In this context, I would also like to highlight German-Indonesian bilateral cooperation in science, research and technology, which celebrated its 40-year anniversary this year. The figures for this period are impressive; from 1978 to 2019, approximately 77.8 million euros have been disbursed for 147 bilateral projects in scientific and research cooperation, notably the German-Indonesian Tsunami Early Warning System. Other examples are scholarship programs for capacity-building measures, biodiversity, health, and forest research in Jambi, as well as cooperation with university and non-university research centers in the fields of humanities, biomass conversion, geothermal energy, and air and sea transport systems.
Currently, the German government provides funds for the GetIn-CICERO joint research laboratory between Universitas Gadjah Mada (Yogyakarta) and RWTH Aachen. Our two countries are also discussing future cooperation in the fields of circular economy and sustainable resource management.
Universities are necessary for research and science and I am very pleased to announce that there are about 139 cooperation projects between German and Indonesian universities; the most famous ones are the longstanding cooperation between University of Göttingen and Institut Pertanian Bogor (IPB) in the field of tropical forestry and agricultural science and cooperation between Wismar University of Applied Sciences and Institut Teknologi Surabaya (ITS) with the joint bachelor program in Marine Engineering.
The German Academic Exchange Service (DAAD) provides long-term lectures in marine science, international law and German language at universities in Jakarta, Yogyakarta, Bogor and Bandung. It also provides scholarship for studying and research in Germany. Every year, 600 Indonesian students, researchers and teaching staff are supported by DAAD.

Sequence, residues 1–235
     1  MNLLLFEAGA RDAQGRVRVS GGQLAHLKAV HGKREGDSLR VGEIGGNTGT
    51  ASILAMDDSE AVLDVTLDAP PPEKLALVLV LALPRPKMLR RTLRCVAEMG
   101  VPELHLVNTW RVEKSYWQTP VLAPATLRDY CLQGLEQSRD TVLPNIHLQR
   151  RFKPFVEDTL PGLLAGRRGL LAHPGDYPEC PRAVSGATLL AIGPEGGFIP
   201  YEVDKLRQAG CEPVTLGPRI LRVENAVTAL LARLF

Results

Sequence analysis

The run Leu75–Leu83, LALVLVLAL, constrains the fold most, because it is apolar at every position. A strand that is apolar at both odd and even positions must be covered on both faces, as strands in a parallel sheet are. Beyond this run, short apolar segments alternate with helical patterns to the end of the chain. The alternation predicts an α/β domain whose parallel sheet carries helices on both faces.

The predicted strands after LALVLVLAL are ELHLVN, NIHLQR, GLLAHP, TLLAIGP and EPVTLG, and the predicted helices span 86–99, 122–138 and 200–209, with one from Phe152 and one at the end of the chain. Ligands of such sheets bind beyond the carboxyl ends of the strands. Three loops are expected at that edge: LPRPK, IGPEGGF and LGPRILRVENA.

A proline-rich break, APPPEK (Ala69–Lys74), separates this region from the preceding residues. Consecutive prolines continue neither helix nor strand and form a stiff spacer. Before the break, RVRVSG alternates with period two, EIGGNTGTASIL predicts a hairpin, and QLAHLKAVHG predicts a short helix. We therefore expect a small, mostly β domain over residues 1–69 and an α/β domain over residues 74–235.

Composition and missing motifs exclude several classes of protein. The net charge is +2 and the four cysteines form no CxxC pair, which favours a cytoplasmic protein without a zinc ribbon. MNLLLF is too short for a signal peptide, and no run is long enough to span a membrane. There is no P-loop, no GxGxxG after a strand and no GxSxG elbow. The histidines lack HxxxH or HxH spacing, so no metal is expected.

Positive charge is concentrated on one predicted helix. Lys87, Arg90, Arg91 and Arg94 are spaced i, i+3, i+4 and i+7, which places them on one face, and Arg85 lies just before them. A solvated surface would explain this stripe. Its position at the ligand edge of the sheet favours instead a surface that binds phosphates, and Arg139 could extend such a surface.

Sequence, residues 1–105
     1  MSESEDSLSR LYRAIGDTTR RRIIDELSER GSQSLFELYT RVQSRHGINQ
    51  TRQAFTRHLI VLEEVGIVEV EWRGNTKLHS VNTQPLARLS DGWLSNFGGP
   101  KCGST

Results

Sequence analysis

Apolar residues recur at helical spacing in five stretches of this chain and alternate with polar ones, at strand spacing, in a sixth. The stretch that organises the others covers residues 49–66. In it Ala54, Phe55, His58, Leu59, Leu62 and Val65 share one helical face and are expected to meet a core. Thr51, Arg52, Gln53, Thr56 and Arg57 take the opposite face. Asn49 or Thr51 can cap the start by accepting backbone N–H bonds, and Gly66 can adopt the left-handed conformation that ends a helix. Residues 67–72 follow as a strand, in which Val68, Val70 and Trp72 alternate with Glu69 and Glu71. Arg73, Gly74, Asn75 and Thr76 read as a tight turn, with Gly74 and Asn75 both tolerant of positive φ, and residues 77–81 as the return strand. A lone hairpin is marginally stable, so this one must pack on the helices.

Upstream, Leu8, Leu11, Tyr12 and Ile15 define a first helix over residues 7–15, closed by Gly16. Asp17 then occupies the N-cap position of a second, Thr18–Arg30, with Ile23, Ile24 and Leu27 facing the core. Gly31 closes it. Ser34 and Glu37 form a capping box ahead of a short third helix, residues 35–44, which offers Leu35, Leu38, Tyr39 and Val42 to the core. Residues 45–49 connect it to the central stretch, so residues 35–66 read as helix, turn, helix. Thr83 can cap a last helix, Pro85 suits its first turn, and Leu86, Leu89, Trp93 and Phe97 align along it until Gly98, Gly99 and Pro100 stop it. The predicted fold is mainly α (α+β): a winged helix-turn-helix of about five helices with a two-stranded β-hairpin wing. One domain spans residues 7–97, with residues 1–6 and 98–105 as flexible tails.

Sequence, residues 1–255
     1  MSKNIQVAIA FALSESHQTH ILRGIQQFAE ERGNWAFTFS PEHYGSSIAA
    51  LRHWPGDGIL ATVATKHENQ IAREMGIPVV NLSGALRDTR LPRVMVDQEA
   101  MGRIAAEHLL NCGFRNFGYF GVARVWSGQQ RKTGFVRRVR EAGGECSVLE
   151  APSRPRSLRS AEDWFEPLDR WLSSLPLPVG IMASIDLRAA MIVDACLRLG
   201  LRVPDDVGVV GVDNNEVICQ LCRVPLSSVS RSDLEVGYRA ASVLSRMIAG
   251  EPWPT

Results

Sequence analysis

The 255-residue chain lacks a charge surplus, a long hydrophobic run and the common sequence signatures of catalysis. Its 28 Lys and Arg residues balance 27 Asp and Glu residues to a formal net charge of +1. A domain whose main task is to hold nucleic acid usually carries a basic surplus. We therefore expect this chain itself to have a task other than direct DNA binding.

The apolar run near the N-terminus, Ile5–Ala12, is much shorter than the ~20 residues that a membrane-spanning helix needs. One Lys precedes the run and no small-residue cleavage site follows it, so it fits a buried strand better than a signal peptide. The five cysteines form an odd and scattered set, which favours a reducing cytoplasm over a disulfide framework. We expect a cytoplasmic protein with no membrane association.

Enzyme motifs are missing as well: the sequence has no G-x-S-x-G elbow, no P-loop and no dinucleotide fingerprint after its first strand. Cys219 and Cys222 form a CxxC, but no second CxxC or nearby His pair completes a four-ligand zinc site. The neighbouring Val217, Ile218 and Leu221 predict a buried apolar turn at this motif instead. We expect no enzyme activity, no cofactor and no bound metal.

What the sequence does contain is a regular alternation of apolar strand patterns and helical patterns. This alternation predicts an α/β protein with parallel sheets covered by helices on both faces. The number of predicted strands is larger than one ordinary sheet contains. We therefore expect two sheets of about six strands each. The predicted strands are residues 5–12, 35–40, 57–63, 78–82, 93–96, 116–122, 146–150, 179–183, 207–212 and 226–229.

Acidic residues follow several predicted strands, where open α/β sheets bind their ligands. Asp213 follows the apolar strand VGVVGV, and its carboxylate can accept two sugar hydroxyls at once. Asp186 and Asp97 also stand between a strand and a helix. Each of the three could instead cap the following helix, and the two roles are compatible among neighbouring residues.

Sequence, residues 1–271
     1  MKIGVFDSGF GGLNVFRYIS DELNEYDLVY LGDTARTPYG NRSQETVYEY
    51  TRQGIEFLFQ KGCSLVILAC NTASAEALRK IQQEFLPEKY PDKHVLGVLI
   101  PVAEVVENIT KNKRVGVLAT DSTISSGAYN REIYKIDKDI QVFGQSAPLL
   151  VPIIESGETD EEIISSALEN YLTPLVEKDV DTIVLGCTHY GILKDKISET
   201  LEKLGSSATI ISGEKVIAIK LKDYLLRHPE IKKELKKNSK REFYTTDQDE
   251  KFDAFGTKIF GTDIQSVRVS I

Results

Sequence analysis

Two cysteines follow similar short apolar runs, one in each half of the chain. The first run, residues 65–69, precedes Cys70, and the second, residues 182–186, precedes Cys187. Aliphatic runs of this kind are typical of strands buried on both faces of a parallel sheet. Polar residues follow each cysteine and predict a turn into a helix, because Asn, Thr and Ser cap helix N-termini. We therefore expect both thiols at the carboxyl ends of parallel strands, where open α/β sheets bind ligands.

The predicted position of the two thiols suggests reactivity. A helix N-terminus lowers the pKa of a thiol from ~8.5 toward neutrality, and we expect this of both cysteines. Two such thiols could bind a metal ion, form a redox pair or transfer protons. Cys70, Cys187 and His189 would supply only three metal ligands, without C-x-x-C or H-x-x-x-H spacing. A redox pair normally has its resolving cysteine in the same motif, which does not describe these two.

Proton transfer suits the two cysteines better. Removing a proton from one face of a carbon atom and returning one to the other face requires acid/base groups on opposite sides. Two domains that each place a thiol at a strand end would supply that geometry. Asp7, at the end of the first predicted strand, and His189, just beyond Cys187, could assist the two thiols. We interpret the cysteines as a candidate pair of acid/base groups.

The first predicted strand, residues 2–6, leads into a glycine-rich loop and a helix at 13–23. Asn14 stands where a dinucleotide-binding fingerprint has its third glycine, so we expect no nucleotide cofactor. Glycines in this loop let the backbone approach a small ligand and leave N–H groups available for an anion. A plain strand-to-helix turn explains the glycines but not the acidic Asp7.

It is encouraging to see that this intense cooperation has positive effects on the interest of young Indonesians to study in Germany. There are currently about 4,900 Indonesians studying in Germany, showing an increase of more than 87% over the last six years. The German language has also become increasingly popular. Currently, around 200,000 Indonesians are learning German; out of this number, more than 15,000 are studying at 29 partner schools throughout Indonesia.
Through its language and cultural work, Goethe-Institut Indonesia in Jakarta, with its branches in Bandung and Surabaya, has promoted comprehensive cultural exchange between our two countries. I will pay special focus towards projects which will promote the exchange and mobility of young people and cooperation with the creative industry.
5. Indonesia has just been announced as the next partner country of Hannover Messe 2020. What does this mean for Indonesia; how can the country or the bilateral relationships benefit from this?
At the Asia-Pacific Conference of German Business (APK), which took place from 1-3 November in Jakarta, the Government of Indonesia has officially confirmed to more than 1,000 high-ranking delegates its commitment towards realizing “Indonesia as Partner Country at Hannover Messe 2020”. Hannover Messe, which will take place from 20-24 April 2020 at the Hannover Fairgrounds, has over 70 years grown into the world’s leading trade fair for industrial technology.
The partner country initiative is the highlight of every Hannover Messe, in which the partner country takes the center stage and is in the spotlight. By 2020, Indonesia plans to become the biggest digital economy in Southeast Asia. To reach this goal, Indonesia has to support the development of its manufacturing industry to produce and offer high-tech products which can compete in the global market.
The Hannover Messe is the right place for Indonesia to present itself and the potentials to the world. It provides Indonesia the opportunity to exhibit its technological achievements, promote awareness within the global community, as well as attract foreign direct investments and promote the perception of Indonesia as a reliable partner for international cooperation and investments.
Indonesia’s participation at Hannover Messe 2020 is also a step forward to strengthen the longstanding and good economic relations between Indonesia and Germany, which started in the late 19th century when companies like Siemens, Mercedes-Benz, Bayer, and other now global players started doing business in Indonesia in the fields of automotive, energy, pharmaceuticals, cosmetics, logistics, and so forth.